So it is with the Eucharistic meal that our Lord and Savior Jesus Christ serves Himself every Sunday. The admission to His banquet is free of charge; the supper has already been paid for by the Son of God Himself, through His sacrificed Body and precious Blood. Nowhere in the world is anything so awesome and of such unspeakable value given to anyone at absolutely no cost. Undoubtedly, people will pay exorbitant amounts of money for such fine items as gold, silver, and diamonds; but for God’s gift of divine grace, infinitely more valuable than anything material, man exhausts nothing of his own. And indeed, this goes to show that the best and most invaluable things in life were never “things” to begin with.
In the Gospel reading on the Eleventh Sunday of St. Luke, known alternately as the Sunday of the Holy Forefathers, Jesus narrates the well-known Parable of the Great Banquet. The sainted ancestors of Christ (such great personages as the patriarchs Abraham, Isaac, and Jacob, and David the Prophet-King), living centuries before the incarnation of the Son of God, all prefigured in some way the coming of Christ and responded to God’s call with zeal and obedience (cf. Heb 11:39-40). By participating in His economy, or plan of salvation, these ancestors of the Lord prepared the way for His coming, laying the groundwork for faith and allowing us to participate in the eternal banquet of God’s Kingdom, which they also share.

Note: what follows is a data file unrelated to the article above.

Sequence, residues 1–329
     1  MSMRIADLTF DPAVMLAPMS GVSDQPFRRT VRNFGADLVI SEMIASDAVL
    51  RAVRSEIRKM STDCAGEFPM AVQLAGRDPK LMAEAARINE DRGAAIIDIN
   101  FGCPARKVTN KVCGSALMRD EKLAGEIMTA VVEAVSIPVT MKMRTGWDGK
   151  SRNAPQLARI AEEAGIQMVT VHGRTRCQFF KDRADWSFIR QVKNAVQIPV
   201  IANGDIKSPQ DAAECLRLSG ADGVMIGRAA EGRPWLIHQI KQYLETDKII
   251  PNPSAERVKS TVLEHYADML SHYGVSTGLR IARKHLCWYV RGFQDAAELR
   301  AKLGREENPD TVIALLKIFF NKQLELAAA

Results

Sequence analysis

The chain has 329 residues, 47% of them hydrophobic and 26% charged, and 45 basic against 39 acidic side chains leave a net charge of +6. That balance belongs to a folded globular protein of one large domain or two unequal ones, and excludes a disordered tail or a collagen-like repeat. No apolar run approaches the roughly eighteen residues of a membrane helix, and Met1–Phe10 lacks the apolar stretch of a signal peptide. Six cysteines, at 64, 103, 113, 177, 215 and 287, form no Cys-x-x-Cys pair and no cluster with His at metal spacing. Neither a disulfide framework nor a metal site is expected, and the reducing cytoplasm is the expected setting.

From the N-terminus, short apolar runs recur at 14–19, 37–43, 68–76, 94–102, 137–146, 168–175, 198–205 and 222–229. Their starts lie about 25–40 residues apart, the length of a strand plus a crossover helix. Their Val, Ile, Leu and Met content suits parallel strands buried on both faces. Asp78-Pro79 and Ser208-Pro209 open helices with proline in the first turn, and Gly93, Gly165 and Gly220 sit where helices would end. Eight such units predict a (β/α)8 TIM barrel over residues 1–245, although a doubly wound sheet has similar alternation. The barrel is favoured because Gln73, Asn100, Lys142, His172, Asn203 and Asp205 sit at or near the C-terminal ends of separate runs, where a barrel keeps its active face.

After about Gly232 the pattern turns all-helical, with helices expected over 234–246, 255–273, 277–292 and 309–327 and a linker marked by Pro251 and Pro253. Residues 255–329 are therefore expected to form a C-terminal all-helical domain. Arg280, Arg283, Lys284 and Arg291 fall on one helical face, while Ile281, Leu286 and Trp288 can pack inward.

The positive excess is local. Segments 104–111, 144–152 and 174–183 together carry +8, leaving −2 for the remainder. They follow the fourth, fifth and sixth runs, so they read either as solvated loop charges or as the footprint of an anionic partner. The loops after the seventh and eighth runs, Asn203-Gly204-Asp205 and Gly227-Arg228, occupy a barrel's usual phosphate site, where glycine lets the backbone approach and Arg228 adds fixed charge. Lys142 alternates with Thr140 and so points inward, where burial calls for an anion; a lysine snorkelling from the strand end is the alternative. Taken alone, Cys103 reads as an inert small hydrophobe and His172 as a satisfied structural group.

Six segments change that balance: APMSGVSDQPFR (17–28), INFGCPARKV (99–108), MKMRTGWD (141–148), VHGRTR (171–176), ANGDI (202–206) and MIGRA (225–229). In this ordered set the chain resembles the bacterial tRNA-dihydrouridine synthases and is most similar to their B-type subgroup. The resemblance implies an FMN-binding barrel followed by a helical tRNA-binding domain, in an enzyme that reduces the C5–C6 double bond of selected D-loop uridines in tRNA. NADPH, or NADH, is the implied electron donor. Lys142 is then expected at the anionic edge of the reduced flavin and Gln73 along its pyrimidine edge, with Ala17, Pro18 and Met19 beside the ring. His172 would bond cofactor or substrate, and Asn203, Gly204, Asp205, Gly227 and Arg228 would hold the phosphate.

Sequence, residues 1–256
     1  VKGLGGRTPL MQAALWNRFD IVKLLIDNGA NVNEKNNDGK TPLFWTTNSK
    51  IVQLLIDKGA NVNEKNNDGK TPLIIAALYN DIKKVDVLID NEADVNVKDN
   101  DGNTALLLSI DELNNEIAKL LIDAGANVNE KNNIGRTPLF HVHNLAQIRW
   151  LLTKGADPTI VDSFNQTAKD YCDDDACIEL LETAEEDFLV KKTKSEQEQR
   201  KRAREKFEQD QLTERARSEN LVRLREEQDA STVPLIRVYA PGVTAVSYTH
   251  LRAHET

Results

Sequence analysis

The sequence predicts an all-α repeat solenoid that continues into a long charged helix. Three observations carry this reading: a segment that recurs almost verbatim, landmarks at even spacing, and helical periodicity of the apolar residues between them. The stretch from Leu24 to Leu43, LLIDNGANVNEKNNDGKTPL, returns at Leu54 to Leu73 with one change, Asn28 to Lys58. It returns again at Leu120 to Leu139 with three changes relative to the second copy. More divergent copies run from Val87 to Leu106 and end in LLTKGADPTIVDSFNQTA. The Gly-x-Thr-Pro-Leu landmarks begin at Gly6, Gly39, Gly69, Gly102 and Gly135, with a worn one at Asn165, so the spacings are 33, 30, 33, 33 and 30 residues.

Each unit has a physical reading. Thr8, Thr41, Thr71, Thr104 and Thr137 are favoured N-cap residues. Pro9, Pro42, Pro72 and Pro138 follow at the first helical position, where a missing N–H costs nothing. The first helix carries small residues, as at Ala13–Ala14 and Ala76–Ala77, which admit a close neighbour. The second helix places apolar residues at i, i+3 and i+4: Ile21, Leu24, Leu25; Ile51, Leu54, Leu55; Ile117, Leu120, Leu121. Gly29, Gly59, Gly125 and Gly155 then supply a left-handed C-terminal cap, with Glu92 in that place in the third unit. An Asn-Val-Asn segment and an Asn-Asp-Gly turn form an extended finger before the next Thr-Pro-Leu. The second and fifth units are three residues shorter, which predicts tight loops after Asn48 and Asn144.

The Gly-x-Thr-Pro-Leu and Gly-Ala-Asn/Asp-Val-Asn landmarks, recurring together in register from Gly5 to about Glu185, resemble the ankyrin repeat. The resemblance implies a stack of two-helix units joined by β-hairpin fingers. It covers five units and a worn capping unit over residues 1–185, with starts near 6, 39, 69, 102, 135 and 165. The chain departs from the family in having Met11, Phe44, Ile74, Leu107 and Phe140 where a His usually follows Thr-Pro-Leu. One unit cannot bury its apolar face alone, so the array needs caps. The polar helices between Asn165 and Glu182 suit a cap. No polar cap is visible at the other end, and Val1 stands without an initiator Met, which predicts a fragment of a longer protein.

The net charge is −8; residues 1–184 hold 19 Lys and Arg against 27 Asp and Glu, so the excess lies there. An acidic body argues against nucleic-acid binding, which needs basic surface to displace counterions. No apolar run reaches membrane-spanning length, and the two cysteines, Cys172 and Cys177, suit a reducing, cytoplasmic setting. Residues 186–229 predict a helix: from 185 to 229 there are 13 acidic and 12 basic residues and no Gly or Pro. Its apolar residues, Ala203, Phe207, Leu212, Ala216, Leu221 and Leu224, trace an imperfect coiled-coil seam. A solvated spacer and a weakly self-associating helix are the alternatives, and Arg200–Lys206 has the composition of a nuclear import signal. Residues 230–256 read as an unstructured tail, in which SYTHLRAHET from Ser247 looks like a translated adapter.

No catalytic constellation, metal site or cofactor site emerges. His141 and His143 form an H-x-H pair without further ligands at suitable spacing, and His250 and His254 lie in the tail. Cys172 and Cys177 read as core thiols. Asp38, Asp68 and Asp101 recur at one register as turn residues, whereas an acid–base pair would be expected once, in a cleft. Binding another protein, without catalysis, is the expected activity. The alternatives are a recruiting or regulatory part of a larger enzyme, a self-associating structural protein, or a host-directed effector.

The story is straightforward: A certain owner gave a great supper and invited all those whom he knew. Naturally, the supper was free, but the invited guests all began making excuses. Their interest, sadly, did not lie with the master of the household. They had their personal responsibilities to fulfill. They had distractions to face, most of which were, at least in the guests’ minds, more enticing and fulfilling than sharing a meal and fellowship with the master and their fellow citizens. The master was angered – not because he himself was personally shunned – but because of the hardness of heart exemplified by his invited guests. He loved them deeply and wanted only that which would benefit them. Sadly, they chose to spend time apart from the master and from each other, closing themselves off from the rest of society, absorbed by their own personal lives. But the master’s anger did not linger; it was immediately turned into action. Consequently, he called his servants and ordered them to go deep into the cracks and crevices of society to find individuals from every walk of life to attend his banquet. The master was essentially looking for new friends, people who would be willing to love and be loved, unashamed to spend time with God and with one another. And so, the Lord concludes that “they will come from the east and the west, from the north and the south, and sit down in the kingdom of God, for the last will be first, and the first will be last” (Lk 13:29-30).